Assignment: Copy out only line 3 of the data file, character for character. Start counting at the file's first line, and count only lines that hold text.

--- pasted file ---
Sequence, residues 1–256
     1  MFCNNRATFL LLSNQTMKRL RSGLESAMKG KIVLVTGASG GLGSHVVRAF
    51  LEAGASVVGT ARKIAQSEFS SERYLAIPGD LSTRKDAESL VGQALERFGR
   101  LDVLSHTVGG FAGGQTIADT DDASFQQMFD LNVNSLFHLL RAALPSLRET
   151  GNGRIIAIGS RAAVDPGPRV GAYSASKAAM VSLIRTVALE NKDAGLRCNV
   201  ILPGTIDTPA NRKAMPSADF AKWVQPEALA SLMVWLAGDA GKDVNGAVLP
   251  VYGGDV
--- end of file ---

    51  LEAGASVVGT ARKIAQSEFS SERYLAIPGD LSTRKDAESL VGQALERFGR